HONG KONG — Sotheby’s Hong Kong’s fall auction season opened to mixed results on the weekend, confirming a continued slowdown in the Asian market. While sales of wine and Southeast Asian Art were buoyant, the house’s traditionally strong sectors of Modern Asian and Contemporary Asian Art were depressed, with both the quality and value of lots on offer substantially down on previous seasons.
This was particularly evident in Contemporary Asian Art. Sotheby’s went into yesterday’s sale with modest expectations, aiming for something in excess of HK$130 million (US$16 million), but they eventually netted below that figure with total sales on the day of HK$117 million (US$15 million). This result compares starkly with Spring 2012’s total for this sector of HK$211 million (US$27 million), which was itself somewhat down from the stellar seasons enjoyed by this sector in the boom year of 2011.
The decline is almost entirely due to the difficulty of securing high-quality consignments in a slowing market. While last season featured a number of iconic and hotly-contested Chinese contemporary art works, yesterday’s sale included only one truly important work, Liu Wei’s “Revolutionary Family Series – Invitation to Dinner,” (1992), which sold for HK$17.46 million (US$2.24 million) against a high estimate of HK$15 million (US$1.9 million), an auction record for the artist. Exhibited at the Venice Biennale in 1993, Liu’s work is a classic of the Cynical Realist art movement which emerged from the disillusionment following the Tiananmen Square massacre in 1989.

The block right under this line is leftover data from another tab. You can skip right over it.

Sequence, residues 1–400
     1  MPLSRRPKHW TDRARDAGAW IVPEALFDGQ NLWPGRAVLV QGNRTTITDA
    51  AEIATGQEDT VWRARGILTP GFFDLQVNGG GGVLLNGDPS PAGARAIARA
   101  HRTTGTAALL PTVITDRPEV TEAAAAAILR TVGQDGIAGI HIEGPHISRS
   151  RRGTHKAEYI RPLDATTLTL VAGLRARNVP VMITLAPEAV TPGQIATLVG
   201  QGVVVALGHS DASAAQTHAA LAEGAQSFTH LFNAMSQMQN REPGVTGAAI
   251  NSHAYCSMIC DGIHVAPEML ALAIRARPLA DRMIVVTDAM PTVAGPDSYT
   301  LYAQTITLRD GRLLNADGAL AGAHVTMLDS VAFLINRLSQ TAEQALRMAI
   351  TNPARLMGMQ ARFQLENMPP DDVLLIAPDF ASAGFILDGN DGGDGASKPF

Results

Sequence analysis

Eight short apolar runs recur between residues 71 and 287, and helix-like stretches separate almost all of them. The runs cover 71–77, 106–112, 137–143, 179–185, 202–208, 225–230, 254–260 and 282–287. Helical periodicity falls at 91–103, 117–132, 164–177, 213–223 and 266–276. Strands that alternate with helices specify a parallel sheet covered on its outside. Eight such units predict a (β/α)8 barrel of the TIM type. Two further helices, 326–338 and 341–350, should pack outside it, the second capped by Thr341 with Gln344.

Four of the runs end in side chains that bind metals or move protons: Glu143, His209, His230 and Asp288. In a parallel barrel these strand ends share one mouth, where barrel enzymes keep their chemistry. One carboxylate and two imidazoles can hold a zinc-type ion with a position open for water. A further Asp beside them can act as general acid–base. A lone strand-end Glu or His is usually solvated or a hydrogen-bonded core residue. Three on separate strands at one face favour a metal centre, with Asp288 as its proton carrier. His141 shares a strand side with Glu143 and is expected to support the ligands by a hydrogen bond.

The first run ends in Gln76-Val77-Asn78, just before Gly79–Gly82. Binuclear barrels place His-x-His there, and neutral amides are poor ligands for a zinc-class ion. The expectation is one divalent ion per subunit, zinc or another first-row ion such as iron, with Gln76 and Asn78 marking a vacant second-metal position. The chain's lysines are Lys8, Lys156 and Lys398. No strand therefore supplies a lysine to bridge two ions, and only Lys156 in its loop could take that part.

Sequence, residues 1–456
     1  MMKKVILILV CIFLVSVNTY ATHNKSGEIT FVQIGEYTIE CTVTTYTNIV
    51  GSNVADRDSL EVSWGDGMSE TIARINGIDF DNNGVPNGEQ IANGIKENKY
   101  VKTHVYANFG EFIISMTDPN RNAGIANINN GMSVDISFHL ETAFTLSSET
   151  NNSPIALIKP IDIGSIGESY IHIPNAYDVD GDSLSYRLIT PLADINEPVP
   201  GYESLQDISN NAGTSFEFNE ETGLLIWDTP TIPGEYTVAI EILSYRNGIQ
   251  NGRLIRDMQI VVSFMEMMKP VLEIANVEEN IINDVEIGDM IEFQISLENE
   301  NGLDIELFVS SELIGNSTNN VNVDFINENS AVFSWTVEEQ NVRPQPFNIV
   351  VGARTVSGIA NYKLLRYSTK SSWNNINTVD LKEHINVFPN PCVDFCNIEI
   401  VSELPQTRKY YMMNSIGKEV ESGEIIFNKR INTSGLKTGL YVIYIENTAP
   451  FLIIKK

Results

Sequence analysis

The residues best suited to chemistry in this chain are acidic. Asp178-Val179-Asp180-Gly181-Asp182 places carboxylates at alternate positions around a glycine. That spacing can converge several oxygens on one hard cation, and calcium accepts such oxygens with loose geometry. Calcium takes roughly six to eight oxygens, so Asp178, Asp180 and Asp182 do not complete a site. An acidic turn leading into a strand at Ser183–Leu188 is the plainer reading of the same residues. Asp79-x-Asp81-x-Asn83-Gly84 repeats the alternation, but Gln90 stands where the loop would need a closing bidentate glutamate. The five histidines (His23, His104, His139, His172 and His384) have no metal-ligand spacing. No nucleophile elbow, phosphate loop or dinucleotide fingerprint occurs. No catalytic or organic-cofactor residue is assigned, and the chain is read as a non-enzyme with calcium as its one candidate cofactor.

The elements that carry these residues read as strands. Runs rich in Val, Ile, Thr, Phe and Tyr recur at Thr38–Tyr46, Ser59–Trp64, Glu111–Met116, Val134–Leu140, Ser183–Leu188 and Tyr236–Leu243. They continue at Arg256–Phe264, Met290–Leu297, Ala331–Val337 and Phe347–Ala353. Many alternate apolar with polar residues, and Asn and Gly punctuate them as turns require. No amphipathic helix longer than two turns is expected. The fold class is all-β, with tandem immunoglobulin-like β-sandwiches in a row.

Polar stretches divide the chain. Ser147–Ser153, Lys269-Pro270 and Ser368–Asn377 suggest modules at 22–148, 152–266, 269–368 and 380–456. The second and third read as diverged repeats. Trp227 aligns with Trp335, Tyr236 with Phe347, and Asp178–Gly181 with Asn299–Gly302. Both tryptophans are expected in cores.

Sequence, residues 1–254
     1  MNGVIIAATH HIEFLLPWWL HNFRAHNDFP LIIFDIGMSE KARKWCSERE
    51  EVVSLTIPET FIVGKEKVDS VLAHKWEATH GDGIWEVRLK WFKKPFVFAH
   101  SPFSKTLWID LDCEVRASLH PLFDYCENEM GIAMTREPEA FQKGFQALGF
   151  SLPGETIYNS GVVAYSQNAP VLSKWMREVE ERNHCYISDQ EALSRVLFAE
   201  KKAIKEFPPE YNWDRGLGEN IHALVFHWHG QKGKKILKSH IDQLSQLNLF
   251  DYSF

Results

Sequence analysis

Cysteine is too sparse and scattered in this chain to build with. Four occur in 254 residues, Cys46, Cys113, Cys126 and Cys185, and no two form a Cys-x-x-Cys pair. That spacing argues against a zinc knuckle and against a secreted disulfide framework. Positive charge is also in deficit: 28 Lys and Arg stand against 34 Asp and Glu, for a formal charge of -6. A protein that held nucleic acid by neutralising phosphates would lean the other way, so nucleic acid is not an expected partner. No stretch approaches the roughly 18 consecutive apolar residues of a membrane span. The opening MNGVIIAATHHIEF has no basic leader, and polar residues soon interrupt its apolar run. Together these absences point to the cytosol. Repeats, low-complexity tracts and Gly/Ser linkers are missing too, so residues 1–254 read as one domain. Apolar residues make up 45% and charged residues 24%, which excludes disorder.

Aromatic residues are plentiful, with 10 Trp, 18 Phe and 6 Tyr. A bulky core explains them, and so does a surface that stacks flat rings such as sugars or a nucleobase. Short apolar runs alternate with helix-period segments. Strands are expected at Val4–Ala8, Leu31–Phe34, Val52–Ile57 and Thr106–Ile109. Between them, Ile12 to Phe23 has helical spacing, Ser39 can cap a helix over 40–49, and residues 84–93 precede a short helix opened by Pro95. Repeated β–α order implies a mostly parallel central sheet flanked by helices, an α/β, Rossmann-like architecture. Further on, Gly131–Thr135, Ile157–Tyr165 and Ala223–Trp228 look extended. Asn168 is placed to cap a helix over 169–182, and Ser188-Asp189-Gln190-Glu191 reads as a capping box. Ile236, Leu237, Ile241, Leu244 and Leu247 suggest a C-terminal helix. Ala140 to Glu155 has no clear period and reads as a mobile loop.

The top lot of the sale was Zhang Xiaogang's “Tiananmen No 1,” 1993, which sold to a European collector for HK$20.82 million (US$ 2.669 million) comfortably within the pre-sale estimate of HK$15 – 25 million.
The day’s real bright spot was Southeast Asian Modern and Contemporary Art, which recorded that sector’s best-ever result for Sotheby’s, clocking up HK$121 million (US$15.5 million), more than double the pre-sale estimate and even shading the results in its big brother sector of Contemporary Asian Art. A new record for Southeast Asian art was also set by Indonesian modern artist Lee Man Fong, whose “Fortune and Longevity” sold for HK$34.26 million (US$4.4 million), triple its low estimate.
The results confirmed Southeast Asian art as a sector to watch, with Asia’s canniest collectors, the Taiwanese, active in the sale room.
Sotheby’s Hong Kong’s fall auction season continues through tomorrow.